|x1|, |xe1| ≤ 8M, |x2|, |xe2| ≤ 8M2, |x3| ≤ 8M3}.

From (2.22), it follows that

# (D ∩ Γ) ≥ ρ16M6+o(1).

Therefore, by Corollary18, the successive minima λi = λi(D, Γ), i = 1, . . . , 5, must satisfy the inequality

5

Y

i=1

min{1, λi}  ρ−16M−6+o(1). (2.23) From the definition of λi it follows that there are five linearly independent vectors

vi = (v2,i, v3,i,ev2,i, v1,i,ev1,i) ∈ λiD ∩ Γ, i = 1, . . . , 5. (2.24) Indeed, first we choose a nonzero vector v1 ∈ λ1D ∩ Γ. Then assuming that for 1 ≤ i ≤ 5 the vectors v1, . . . , vi−1are chosen, we choose vi as one of the vectors v ∈ λiD ∩ Γ that are not in the linear space generated by v1, . . . , vi−1.

We claim that λ3 < 1 and that λ5 > 1 (which in particular implies that λ1, λ2 < 1 by definition of the λi).

To prove the inequality in λ3, observe that in case λ3≥ 1 from (2.23) we obtain min{1, λ21} ≤ min{1, λ1} min{1, λ2} ≤ ρ−16M−6+o(1).

Thus recalling (2.19) we see that

λ1≤ 1 10M2

and the vector v1 must have v2,1 =ev2,1 = v1,1 =ve1,1 = 0. In turn this implies that v3,1 ≡ 0 (mod p) and since we assumed that M = o(p1/3), we obtain v3,1 = 0, which contradicts the condition that v1 is a nonzero vector.

To show the second inequality, note that if λ5 < 1 by (2.23) we have

5

Y

i=1

λi ≤ ρ−16M−6+o(1).

We now consider the determinant ∆ of the 5 × 5 matrix that is formed by the vectors (2.24).

It follows that

∆  M2+3+2+1+1

5

Y

i=1

λi ≤ ρ−16M3+o(1),

which, by our assumption (2.18), implies that |∆| < p. On the other hand, since vi ∈ Γ, we have ∆ ≡ 0 (mod p), thus ∆ = 0 provided that p is large enough, which contradicts the linear independence of the vectors in (2.24).

We now consider separately the following two cases, depending on whether λ4≤ 1 or not.

Case 1: λ4 ≤ 1. Let

V =

v3,1 ev2,1 v1,1 ev1,1

v3,2 ev2,2 v1,2 ev1,2 v3,3 ev2,3 v1,3 ev1,3 v3,4 ev2,4 v1,4 ev1,4

, w =

−v2,1

−v2,2

−v2,3

−v2,4

, c =

 c3

c2 c1 c0

 .

We have

V c ≡ w (mod p).

Let

∆ = det V

and let ∆j be the determinant of the matrix obtained by replacing the j-th column of V by w, j = 1, . . . , 4.

Recalling (2.23), we have

|∆|  λ1λ2λ3λ4M3+2+1+1≤ ρ−16M1+o(1) (2.25) and similarly

|∆1| ≤ ρ−16Mo(1), |∆2| ≤ ρ−16M1+o(1),

|∆3| ≤ ρ−16M2+o(1), |∆4| ≤ ρ−16M2+o(1). (2.26)

Note that, in view of (2.18), in particular we have

|∆|, |∆j| < p, j = 1, . . . , 4.

If ∆ ≡ 0 (mod p) then since c is nonzero modulo p we also have ∆j ≡ 0 (mod p), j = 1, . . . , 4, implying that ∆ = ∆j = 0 (in fact this holds regardless whether c is zero or not modulo p) Then the matrix formed by v1, . . . , v4 is of rank at most 3, which contradicts their linear independence. Therefore ∆ 6≡ 0 (mod p) and thus we have

ci ≡ ∆4−i

∆ (mod p), i = 0, 1, 2, 3.

Since c36≡ 0 (mod p), we have ∆1 6= 0. We now substitute this in (2.17) and get that

∆y2− ∆4y ≡ ∆1x3+ ∆2x2+ ∆3x (mod p), |x|, |y| ≤ M.

We see from (2.18), (2.25) and (2.26) that for sufficiently large M the absolute values of the expressions on both sides are less than p/2, implying the equality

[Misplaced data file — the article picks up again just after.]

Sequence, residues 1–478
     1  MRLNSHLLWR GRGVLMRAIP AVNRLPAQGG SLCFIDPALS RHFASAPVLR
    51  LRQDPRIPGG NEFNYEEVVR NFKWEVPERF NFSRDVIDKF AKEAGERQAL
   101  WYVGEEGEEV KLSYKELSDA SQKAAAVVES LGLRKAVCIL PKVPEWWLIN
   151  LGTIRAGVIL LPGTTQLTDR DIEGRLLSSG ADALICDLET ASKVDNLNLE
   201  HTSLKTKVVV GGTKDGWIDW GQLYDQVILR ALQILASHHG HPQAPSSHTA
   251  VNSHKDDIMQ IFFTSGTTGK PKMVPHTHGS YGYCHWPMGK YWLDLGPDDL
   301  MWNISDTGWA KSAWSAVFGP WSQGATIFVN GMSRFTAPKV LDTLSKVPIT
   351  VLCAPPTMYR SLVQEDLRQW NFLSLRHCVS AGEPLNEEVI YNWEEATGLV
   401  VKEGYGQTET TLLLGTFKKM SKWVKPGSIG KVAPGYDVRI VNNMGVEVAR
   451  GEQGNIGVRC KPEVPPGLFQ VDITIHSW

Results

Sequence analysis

( ∆y2− ∆4y = ∆1x3+ ∆2x2+ ∆3x,

|x|, |y| ≤ M,

over Z. Now we use Lemma17and conclude that the number of solutions is at most M1/3+o(1). Case 2: λ4 > 1. We claim that, in this case, λ3> (10M )−1. By (2.23), we have

3

Y

i=1

λi ≤ ρ−16M−6+o(1).

Provided λ3 ≤ (10M )−1, we also have

vi = (v2,i, v3,i,ev2,i, 0, 0), i = 1, 2, 3. (2.27) In particular,

v2,1 v3,1 ve2,1 v2,2 v3,2 ve2,2 v2,3 v3,3 ve2,3

 1 c3 c2

≡

 0 0 0

 (mod p).

Thus, for the determinant

∆ = det

v2,1 v3,1 ev2,1

v2,2 v3,2 ev2,2 v2,3 v3,3 ev2,3

 we have

∆ ≡ 0 (mod p).

On the other hand, from (2.19) we derive that

|∆|  λ1λ2λ3M7 < M1+o(1)

ρ16 < M2.6+o(1).

Hence, ∆ = 0, which together with (2.27) implies that the vectors v1, v2, v3 are linearly dependent, which is impossible.

By (2.23), we have

3

Y

i=1

λi≤ ρ−16M−6+o(1) and since λ3 > (10M )−1, we obtain

λ1λ2< ρ−16M−5+o(1).

We again note that λ1 > (10M2)−1, as otherwise v1 must have v2,1 =ev2,1 = v1,1 =ve1,1 = 0.

In turn this implies that v3,1≡ 0 (mod p) and since we assumed that M = o(p1/3), we obtain v3,1= 0, which contradicts the condition that v1 is a nonzero vector.

Since λ1> (10M2)−1 and ρ > M−1/10, we get that λ2 < (10M )−1. Thus, we have vi = (v2,i, v3,i,ev2,i, 0, 0), i = 1, 2.

Next,

v3,1 ve2,1

v3,2 ve2,2

! c3

c2

!

≡ −v2,1

−v2,2

!

(mod p).

Now we observe that

∆ = det v3,1 ev2,1 v3,2 ev2,2

!

λ1λ2M5 < Mo(1)

ρ16 . (2.28)

Furthermore,

1 = det −v2,1 ve2,1

−v2,2 ve2,2

!

λ1λ2M4 < M−1+o(1)

ρ16 , (2.29)

and

2 = det v3,1 −v2,1 v3,2 −v2,2

!

λ1λ2M5 < Mo(1)

ρ16 . (2.30)

In particular, |∆|, |∆1|, |∆2| < p. Therefore, if ∆ ≡ 0 (mod p), then ∆1 ≡ ∆2 ≡ 0 (mod p) and we see that ∆ = ∆1 = ∆2 = 0. Thus, in this case the rank of the matrix formed with vectors v1, v2 is at most 1, which contradicts the linear independence of the vectors v1, v2.

Hence, ∆ 6≡ 0 (mod p) and we get that c3 ≡ ∆1

∆ (mod p), c2≡ ∆2

∆ (mod p).

We now substitute this in (2.17) and get that

∆y2− a0y ≡ ∆1x3+ ∆2x2+ b0x (mod p), |x|, |y| ≤ M,

for some integers a0, b0. We observe that the condition c36≡ 0 (mod p) implies that ∆1 6= 0.

Let now

T =

 p M

1/3

ρ16/3

 .

Note that M2/3 < T < T2 < p/2. By the pigeonhole principle, there exists a positive integer 1 ≤ t0 ≤ T2+ 1 such that

|(t0a0)p| ≤ p

T, |(t0b0)p| ≤ p T,

where (x)p is the element of the residue class x (mod p) with the least absolute value, see also [28, Lemma 3.2]. Hence

t0∆y2− (t0a0)py ≡ t01x3+ t02x2+ (t0b0)px (mod p), |x|, |y| ≤ M.

By (2.28), (2.29), (2.30), the absolute values of the expressions on both sides are bounded by pM1+o(1)T−1. Thus, we get

t0∆y2− (t0a0)py = t01x3+ t02x2+ (t0b0)px + pz, where

|x|, |y| ≤ M, |z| < M1+o(1)T−1.

Now we use Lemma17 and conclude that the number of solutions is at most

 M T + 1



M1/3+o(1)< M4/3

p1/3 ρ−16/3+ 1

!

M1/3+o(1)

< M2/3+o(1) < M3 p

1/16

M.

Since the choice for ε > 0 in (2.18) is arbitrary, the result now follows.

Outline